Page:Reason in Common Sense (1920).djvu/134

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off, and the mechanical process, the efficacious infallible order, is clearly disclosed beneath. Meantime the incidental effects, the “secondary qualities,” are relegated to a personal inconsequential region; they constitute the realm of appearance, the realm of mind.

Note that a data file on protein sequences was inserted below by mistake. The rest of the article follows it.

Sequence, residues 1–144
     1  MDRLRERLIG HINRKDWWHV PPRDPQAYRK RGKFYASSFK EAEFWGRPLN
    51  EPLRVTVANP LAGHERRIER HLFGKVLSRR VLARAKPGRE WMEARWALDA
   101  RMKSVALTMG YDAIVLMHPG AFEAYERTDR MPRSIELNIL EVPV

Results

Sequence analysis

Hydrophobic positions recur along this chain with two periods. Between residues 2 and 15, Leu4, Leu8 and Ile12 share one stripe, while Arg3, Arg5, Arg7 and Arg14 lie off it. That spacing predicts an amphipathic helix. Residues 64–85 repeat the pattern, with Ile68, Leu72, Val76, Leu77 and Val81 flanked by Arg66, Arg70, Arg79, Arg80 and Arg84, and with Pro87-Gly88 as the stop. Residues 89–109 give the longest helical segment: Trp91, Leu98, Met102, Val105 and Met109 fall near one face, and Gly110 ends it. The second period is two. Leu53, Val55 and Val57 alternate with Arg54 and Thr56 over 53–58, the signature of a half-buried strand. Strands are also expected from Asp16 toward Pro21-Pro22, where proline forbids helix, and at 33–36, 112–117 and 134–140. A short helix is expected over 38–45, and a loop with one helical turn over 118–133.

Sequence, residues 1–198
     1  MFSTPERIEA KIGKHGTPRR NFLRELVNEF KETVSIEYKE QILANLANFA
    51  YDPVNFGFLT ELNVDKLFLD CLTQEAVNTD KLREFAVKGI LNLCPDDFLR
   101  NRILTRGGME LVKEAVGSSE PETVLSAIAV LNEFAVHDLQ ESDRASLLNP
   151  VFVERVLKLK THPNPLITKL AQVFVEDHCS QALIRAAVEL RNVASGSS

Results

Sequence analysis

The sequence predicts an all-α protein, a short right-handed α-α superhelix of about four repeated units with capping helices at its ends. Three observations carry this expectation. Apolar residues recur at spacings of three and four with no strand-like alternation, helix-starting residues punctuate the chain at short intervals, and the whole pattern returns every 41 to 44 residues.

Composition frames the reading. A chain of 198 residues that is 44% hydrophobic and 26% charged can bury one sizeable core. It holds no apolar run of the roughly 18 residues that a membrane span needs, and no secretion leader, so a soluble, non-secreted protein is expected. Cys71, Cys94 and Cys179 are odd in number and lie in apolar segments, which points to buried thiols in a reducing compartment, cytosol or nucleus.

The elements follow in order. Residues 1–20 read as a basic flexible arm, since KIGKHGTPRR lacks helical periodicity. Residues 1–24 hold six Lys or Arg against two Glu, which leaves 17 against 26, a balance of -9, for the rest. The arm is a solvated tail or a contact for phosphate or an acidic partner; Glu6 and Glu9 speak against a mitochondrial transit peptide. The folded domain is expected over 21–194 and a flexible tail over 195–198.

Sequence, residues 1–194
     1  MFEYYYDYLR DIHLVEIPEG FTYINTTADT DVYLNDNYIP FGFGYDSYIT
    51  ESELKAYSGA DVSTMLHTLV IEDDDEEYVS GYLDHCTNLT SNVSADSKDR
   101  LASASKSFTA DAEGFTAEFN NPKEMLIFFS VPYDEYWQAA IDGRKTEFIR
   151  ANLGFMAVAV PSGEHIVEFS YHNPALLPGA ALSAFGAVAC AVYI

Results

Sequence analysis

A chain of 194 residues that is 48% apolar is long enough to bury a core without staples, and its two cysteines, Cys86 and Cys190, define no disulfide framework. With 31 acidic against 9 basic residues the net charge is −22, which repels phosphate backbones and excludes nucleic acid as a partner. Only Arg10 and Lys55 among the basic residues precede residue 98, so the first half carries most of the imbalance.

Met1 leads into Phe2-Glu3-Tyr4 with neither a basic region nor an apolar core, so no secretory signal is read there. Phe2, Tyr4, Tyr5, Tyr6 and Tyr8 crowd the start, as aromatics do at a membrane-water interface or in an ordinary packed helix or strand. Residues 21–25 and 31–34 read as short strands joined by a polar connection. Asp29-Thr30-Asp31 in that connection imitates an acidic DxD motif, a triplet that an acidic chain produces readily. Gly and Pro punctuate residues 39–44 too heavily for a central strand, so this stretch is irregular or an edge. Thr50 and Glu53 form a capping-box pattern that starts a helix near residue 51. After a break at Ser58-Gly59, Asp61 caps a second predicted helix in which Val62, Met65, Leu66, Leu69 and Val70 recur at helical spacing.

Mind is therefore sometimes identified with the unreal. We oppose, in an antithesis natural to thought and language, the imaginary to the true, fancy to fact, idea to thing. But this thing, fact, or external reality is, as we have seen, a completion and hypostasis of certain portions of experience, packed into such shapes as prove cogent in thought and practice. The stuff of external reality, the matter out of which its idea is made, is therefore continuous with the stuff and matter of our own minds. Their common substance is the immediate flux. This living worm has propagated by fission, and the two halves into which it has divided its life are mind and nature. Mind has kept and clarified the crude appearance, the dream, the purpose that seethed in the mass; nature has appropriated the order, the constant conditions, the causal substructure, disclosed in reflection, by which the immediate flux is explained and controlled. The chemistry of thought has precipitated these contrasted terms, each maintaining a recognisable identity and having the function of a point of reference for memory and will. Some of these terms or objects of thought we call things and marshal in all their